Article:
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A student paints an image of a bird he observed in his hometown of Audubon, MN, where classes are learning about the town's history and the famous naturalist for which it was named.

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Lake Park Audubon students embrace their town's namesake

November 15, 2017

Rural Schools Collaborative believes that thoughtful place-based education helps rural students foster a sense of connection and fellowship within their communities. Our partners at West Central Initiative in western Minnesota share this view, and together with WCI, Rural Schools Collaborative awarded five rural school teachers in the state with funding for their own place-based curriculum and projects.

At Lake Park Audubon Elementary School, Kathrina O'Connell is leading a project teaching students about the conservation efforts of John James Audubon and his influence on Audubon, Minnesota, their hometown.

"It is important for the students to learn about their community, John James Audubon, and the wildlife surrounding us," stated O'Connell.

Students have collaboratively researched the life of Audubon, as well as the beginnings of their town. Students also learned about birds in their community by making observations and using bird baths/feeders in their school's wildflower garden during different seasons.

To research Audubon's life, students used reading activities that encouraged them to compare articles and information about the life of John James Audubon, according to Ms. O'Connell. When the articles had been read, analyzed, and compared, the students then selected the method in which they would demonstrate mastery of that information. Some students wrote essays, others created wall displays; one student created a multiple-choice test, and many created trivia board games.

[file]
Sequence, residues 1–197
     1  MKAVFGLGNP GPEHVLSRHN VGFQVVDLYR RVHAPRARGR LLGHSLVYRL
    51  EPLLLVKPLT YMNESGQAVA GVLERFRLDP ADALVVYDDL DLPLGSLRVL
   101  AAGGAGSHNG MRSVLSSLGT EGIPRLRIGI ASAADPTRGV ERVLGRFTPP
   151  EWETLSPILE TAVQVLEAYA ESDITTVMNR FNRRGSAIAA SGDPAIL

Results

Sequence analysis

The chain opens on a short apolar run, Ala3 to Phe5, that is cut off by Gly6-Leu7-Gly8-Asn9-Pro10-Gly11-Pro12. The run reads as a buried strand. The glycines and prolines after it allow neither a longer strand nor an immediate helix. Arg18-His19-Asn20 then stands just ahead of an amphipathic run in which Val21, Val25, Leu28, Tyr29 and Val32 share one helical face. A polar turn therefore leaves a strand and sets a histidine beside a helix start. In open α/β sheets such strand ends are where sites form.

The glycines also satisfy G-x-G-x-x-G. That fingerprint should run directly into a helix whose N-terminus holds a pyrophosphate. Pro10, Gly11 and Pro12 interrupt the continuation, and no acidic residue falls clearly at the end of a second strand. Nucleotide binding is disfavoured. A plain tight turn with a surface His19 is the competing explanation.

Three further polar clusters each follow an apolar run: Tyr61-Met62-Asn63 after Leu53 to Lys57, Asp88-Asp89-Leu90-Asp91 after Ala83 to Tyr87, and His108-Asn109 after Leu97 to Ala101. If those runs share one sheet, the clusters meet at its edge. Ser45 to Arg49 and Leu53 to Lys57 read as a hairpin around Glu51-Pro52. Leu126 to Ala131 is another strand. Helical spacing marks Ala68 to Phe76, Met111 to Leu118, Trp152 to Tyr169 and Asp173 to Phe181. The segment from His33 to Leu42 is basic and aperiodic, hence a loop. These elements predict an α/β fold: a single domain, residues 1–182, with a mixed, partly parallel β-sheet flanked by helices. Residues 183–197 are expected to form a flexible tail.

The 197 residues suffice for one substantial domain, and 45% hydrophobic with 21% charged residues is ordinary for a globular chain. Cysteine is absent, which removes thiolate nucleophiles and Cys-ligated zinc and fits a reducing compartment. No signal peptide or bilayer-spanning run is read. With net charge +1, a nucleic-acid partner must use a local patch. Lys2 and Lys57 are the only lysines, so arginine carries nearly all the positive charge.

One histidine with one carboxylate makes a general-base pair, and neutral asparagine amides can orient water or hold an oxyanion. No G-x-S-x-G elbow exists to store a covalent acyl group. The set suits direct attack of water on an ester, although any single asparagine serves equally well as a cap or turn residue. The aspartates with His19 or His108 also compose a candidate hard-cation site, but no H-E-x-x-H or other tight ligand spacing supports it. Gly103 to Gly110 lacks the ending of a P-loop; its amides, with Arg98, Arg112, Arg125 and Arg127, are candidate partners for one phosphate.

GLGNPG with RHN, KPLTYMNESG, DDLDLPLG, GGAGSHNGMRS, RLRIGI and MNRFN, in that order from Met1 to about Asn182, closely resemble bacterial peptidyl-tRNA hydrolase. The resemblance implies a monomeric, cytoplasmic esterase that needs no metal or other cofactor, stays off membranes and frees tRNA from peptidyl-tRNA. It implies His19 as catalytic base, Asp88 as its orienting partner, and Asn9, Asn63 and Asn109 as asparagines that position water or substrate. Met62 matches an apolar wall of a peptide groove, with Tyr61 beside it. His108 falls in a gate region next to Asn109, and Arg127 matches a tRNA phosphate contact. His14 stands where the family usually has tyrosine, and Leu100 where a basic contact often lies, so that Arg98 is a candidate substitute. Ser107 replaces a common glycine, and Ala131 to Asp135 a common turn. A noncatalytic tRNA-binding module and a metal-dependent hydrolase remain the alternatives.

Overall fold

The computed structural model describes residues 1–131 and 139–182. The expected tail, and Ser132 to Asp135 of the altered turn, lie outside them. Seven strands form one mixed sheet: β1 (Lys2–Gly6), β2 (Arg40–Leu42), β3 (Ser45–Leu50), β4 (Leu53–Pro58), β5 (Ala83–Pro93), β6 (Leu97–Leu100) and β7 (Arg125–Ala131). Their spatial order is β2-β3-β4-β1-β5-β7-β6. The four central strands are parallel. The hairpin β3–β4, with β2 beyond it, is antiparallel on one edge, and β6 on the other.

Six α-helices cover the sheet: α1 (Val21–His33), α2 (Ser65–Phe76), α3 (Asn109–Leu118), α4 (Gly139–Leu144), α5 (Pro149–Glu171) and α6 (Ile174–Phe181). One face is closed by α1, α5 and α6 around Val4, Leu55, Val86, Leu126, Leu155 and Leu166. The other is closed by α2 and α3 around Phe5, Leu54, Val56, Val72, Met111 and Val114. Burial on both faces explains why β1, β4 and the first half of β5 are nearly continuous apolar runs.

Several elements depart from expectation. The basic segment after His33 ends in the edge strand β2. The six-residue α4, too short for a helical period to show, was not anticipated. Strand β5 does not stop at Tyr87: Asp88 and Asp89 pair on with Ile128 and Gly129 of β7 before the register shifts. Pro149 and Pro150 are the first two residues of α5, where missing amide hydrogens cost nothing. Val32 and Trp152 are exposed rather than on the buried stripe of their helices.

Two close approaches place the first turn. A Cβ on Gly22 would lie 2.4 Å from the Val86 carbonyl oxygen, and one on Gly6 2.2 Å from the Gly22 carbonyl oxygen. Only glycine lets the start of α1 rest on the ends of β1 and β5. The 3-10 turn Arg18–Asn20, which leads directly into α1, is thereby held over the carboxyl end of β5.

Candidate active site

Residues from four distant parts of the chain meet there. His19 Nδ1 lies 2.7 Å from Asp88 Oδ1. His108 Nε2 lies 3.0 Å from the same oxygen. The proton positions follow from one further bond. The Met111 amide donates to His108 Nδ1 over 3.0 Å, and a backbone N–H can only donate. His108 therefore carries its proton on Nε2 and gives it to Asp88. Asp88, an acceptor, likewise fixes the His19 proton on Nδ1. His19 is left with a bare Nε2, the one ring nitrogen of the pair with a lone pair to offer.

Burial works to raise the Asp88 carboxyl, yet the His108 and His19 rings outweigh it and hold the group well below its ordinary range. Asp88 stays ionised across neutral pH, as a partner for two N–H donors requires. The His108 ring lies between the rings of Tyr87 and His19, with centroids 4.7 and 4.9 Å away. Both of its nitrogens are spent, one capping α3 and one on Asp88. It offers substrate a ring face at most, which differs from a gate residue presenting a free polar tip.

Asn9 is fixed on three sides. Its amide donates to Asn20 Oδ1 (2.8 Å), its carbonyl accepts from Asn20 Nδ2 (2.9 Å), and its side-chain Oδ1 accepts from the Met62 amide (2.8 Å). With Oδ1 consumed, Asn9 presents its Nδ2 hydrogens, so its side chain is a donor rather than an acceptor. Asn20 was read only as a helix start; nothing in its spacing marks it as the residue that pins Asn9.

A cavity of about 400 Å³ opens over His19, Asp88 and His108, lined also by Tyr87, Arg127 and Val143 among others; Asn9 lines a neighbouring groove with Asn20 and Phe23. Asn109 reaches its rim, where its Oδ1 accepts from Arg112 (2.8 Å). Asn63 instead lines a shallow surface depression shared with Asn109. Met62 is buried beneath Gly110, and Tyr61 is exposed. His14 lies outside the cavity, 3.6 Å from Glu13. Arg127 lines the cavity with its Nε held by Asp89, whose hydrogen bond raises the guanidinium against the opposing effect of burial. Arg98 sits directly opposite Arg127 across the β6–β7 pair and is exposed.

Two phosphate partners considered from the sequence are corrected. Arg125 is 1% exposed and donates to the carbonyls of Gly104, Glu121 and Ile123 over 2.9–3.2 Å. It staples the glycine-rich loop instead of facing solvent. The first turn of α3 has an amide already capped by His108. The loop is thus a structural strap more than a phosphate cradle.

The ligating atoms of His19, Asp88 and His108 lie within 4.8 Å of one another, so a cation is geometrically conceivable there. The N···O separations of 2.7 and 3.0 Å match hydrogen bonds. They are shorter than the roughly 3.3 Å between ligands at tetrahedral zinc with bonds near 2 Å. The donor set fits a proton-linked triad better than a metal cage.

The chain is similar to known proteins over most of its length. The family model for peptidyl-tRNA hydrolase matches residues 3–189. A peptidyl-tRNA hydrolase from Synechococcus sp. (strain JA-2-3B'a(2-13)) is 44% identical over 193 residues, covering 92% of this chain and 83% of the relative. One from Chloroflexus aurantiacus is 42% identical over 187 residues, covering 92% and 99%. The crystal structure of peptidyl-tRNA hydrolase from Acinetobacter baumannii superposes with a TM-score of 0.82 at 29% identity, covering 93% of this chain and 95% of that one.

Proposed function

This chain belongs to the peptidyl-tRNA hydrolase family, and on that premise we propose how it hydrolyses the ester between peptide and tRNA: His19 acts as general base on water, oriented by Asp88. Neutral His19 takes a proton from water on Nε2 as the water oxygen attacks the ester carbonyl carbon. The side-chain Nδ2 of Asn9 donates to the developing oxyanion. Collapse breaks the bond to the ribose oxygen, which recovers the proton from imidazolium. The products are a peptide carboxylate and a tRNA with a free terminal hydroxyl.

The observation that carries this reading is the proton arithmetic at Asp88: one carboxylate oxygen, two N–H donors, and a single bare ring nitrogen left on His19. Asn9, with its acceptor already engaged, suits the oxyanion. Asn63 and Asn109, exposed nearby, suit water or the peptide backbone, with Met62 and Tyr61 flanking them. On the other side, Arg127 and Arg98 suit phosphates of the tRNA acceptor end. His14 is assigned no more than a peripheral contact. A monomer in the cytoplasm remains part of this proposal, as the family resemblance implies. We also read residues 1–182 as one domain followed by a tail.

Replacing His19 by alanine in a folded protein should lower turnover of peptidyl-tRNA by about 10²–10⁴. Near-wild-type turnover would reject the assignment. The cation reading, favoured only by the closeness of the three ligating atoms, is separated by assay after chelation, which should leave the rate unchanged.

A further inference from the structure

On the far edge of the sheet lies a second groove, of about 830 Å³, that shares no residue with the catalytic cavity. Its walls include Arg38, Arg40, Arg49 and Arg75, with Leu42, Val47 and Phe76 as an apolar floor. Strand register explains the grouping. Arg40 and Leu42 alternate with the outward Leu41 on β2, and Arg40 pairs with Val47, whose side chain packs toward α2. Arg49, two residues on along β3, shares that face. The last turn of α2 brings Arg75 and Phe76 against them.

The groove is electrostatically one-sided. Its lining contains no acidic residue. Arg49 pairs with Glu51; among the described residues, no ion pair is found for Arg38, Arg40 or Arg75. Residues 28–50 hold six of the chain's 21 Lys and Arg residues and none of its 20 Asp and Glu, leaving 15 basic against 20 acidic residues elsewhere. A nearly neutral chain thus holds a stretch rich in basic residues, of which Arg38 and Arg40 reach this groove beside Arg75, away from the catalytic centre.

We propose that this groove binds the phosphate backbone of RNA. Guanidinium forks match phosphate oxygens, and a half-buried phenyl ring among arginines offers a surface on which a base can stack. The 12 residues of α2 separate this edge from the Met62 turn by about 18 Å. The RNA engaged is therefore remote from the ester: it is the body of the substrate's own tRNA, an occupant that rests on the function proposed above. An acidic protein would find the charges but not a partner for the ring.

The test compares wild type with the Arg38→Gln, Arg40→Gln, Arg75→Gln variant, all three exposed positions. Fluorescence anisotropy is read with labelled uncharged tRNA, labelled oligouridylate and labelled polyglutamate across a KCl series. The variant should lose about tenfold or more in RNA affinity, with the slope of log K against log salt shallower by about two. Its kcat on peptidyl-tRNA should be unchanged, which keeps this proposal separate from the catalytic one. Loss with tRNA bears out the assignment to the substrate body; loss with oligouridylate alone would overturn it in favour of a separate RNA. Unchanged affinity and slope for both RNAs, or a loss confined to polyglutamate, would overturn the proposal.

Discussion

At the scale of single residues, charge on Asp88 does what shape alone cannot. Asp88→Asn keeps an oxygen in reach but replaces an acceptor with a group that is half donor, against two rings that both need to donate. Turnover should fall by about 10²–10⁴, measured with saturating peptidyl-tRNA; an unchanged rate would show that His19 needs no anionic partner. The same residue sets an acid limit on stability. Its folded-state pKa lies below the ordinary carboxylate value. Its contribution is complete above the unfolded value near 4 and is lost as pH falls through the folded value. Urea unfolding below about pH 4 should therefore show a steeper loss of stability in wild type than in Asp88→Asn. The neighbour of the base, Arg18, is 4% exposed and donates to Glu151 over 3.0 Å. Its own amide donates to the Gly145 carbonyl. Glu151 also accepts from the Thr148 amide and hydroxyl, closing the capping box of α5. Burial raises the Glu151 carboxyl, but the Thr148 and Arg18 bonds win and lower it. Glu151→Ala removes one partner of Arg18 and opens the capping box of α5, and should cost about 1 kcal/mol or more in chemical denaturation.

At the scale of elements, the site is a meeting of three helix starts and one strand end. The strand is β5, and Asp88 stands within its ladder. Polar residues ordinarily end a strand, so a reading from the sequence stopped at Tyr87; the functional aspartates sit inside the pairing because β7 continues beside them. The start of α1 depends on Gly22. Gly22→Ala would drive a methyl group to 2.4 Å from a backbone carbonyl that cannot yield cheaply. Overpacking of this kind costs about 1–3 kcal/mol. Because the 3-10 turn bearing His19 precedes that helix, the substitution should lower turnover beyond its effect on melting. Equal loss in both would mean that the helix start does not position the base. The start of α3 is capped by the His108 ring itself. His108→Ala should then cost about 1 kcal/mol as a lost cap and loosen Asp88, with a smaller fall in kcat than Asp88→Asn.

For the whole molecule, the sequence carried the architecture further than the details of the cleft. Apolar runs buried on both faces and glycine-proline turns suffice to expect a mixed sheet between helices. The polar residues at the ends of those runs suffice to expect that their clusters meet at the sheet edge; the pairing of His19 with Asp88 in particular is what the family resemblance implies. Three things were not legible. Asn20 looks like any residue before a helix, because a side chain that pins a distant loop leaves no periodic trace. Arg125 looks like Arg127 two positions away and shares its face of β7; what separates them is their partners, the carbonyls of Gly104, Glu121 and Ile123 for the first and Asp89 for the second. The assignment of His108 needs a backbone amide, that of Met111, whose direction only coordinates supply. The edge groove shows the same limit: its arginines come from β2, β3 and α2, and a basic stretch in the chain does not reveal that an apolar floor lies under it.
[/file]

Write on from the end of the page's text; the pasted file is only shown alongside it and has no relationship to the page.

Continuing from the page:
O'Connell's classes recently finished one of the final elements of their project: they took photos of birds in the community and then painted the birds just as Audubon had years before. Students took a field trip to a restored Minnesota prairie, located 1.5 miles north of the school. They worked with Audubon Dakota and experts from the US Fish & Wildlife Service to observe birds in their natural habitat, "just as Audubon himself would have done," stated O'Connell. The students returned to school and set out bird feeders in the wildflower garden, and have been tending to them as the weather gets cooler and food becomes more scarce for the birds.

Lastly, students learned about Audubon’s paintings; after their field trip, they each choose a bird to paint, with the caveat that it had to be a species found in the prairies of Audubon, Minnesota! The students studied the bird's characteristics and carefully painted them on large canvases which they displayed in their school.

A project like O'Connell's is a perfect example of how engaging students in place-based education can foster a greater connection to their home. As O'Connell stated in her grant report, "This place-based, rural school grant, has provided the sixth graders with the opportunity to study the history of their town and school, as well as the conservation efforts of...Audubon. Not only are they cognizant of the town’s history and street names, but they are also more appreciative of nature and wildlife that surrounds this special, little town."

Thanks to WCI and their matched funding for Grants in Place throughout western Minnesota! Additional thanks to Wendy Merrick, WCI Program Director, for visiting Ms. O'Connell's classroom and capturing these photographs of students in action!

Read Ms. O'Connell's report on the project here!


The 2017 Grants in Place program included more than twenty funders and individual donors who came together to invest $135,000 in rural place-based student-centered projects. Funding was provided for 35 projects serving 45 communities in 11 different states.

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